Treatment choices for non–small cell lung cancer

The choice of treatment and the long-term outcome (prognosis) for people who have non–small cell lung cancer depends on the stage of the cancer. Your doctor will determine the stage by looking at the size and location of the original tumor (T for tumor), the involvement of lymph nodes near the tumor (N for node), and whether the cancer has spread to another place in the body (M for metastasis). Your age, overall health, and quality of life must also be considered. Research studies are ongoing to determine the best treatment choices or combination of treatments that increase survival rates without affecting your quality of life.

There are many combinations of surgery, chemotherapy, and radiation therapy used to treat lung cancer. The following table summarizes standard treatment options as described by the National Cancer Institute.1 Treatment options and combinations are always being studied.

Treatment choices by stage
Stage Treatment choices

IA

IB

T1N0M0

T2N0M0

Surgery. If surgery is not a choice because of other medical problems, radiation therapy may be recommended.

Chemotherapy or radiation therapy may be recommended after surgery.

IIA

IIB

T1N1M0

T2N1M0

T3N0M0

Surgery. If surgery is not a choice because of other medical problems, radiation therapy may be recommended.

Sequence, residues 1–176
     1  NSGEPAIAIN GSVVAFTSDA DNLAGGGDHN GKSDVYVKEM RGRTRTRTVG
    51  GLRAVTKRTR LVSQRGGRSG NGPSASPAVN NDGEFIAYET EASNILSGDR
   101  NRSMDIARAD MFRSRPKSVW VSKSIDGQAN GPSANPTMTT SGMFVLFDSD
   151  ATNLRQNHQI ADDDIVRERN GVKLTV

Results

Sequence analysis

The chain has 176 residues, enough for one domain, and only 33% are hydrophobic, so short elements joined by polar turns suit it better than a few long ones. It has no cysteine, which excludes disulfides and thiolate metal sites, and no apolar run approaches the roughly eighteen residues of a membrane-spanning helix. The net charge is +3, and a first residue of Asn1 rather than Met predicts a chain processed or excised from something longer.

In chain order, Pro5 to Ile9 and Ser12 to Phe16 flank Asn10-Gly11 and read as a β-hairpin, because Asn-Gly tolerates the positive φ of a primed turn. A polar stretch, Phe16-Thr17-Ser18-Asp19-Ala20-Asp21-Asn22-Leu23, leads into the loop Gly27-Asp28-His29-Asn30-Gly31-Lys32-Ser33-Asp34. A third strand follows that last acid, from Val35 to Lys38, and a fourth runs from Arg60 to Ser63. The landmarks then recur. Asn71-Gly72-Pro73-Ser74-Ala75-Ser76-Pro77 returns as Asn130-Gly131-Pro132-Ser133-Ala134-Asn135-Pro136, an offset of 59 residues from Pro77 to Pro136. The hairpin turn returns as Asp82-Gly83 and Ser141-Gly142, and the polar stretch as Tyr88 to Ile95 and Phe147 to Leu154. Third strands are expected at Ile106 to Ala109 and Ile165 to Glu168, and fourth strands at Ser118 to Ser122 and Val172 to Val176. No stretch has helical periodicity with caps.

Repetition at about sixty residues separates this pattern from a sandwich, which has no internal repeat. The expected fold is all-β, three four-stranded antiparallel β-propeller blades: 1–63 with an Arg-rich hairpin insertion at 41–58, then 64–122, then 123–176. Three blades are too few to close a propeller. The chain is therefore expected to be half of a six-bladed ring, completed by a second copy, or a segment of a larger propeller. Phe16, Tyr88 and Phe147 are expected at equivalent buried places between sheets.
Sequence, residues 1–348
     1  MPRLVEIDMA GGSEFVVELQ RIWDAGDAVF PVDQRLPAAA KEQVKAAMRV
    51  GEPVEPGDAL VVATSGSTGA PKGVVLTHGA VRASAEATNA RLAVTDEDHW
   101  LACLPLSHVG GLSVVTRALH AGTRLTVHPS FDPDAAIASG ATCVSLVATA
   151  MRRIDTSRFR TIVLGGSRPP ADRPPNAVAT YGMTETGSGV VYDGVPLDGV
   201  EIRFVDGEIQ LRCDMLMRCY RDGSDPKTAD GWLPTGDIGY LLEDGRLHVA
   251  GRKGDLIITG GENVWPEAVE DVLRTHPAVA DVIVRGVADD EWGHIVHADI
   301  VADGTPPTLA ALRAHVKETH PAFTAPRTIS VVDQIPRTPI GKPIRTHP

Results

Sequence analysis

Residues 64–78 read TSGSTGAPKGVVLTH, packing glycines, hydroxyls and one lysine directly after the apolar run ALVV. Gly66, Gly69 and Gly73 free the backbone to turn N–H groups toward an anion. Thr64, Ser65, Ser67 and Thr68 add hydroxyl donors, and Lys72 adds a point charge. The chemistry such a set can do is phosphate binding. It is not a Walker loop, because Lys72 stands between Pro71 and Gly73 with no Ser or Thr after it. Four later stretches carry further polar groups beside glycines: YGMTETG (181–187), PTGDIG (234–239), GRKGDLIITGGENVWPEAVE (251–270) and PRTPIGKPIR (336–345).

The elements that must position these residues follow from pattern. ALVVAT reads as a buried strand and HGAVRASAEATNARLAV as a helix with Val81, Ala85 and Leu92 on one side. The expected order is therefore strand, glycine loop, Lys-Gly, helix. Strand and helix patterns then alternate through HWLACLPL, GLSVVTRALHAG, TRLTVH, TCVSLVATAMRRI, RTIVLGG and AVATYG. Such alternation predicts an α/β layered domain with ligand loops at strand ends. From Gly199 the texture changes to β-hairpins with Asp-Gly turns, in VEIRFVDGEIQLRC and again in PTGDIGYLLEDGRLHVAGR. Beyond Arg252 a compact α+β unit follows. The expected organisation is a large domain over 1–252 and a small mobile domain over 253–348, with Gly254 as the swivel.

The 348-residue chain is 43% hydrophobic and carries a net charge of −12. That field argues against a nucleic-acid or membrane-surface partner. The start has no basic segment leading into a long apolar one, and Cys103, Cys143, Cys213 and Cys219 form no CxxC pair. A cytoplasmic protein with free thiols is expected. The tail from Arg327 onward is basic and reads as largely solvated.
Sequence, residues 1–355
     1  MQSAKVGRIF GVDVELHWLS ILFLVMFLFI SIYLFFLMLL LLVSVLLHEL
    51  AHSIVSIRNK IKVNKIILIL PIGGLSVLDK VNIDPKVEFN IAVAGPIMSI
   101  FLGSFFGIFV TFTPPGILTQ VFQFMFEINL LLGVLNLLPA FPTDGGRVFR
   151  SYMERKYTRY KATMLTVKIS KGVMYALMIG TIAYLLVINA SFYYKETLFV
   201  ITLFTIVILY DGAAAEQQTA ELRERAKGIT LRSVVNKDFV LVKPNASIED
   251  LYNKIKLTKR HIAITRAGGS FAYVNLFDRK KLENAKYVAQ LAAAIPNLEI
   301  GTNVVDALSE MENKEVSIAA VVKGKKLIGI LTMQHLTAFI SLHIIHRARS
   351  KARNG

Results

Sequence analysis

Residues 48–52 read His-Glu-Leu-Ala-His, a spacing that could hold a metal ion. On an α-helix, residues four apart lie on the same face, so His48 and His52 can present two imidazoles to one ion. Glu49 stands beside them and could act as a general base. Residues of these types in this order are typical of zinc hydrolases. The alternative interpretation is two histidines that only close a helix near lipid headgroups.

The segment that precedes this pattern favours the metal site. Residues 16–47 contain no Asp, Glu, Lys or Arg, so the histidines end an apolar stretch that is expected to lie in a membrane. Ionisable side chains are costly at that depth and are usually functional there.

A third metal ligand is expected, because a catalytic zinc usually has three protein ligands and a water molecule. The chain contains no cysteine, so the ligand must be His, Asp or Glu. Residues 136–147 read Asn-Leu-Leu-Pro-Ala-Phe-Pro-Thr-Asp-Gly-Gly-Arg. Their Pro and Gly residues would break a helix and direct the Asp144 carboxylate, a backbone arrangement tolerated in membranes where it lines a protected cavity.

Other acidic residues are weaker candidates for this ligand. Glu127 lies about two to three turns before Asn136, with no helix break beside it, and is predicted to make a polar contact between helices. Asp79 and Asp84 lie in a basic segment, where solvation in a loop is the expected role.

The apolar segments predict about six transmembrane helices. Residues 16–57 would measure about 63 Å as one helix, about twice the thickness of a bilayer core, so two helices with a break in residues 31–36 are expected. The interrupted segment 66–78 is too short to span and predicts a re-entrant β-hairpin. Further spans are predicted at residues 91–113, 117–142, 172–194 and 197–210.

Chemotherapy after surgery, with or without other treatment such as radiation therapy, may be recommended.

IIIA

T1N2M0

T2N2M0

T3N1M0

T3N2M0

If the lung cancer can be removed, chemotherapy followed by surgery will most likely be recommended. Surgery may be followed with radiation and/or chemotherapy if there was no chemotherapy before surgery.

If the lung cancer cannot be removed, chemotherapy with radiation at the same time, chemotherapy followed by radiation, or radiation or chemotherapy alone may be recommended.

IIIB

Any T, N3M0

T4, any N, M0

Chemotherapy, chemotherapy with radiation at the same time, or radiation therapy alone is most common.

If the lung cancer can be removed, chemotherapy with radiation therapy at the same time, followed by surgery, may be recommended.

If the lung cancer cannot be removed, chemotherapy with radiation at the same time or chemotherapy followed by radiation may be recommended.

If a pleural effusion caused by the cancer is present, treatment is usually similar to treatment of stage IV cancer.

IV or recurrent cancer

Any T, any N, M1

Palliative chemotherapy may be recommended.

Palliative radiation therapy may be done to relieve pain that is caused by the spread of cancer to areas such as the throat, brain, spinal cord, or bones.

Laser therapy, or brachytherapy may be done for cancer that is growing inside the bronchial tubes.

Surgical implantation of devices to keep airways open may be needed.

People who are not cured with standard treatments—or who have more side effects than desired—may want to participate in clinical trials. Clinical trials are designed to find better ways to treat cancer patients and are based on the most up-to-date information. Clinical trials are ongoing in most parts of the world for all stages of lung cancer.

Citations

  1. National Cancer Institute (2007). Non–Small Cell Lung Cancer PDQ: Treatment—Health Professional Version. Available online: http://www.cancer.gov/cancertopics/pdq/treatment/non-small-cell-lung/healthprofessional.

Last Updated: June 4, 2008

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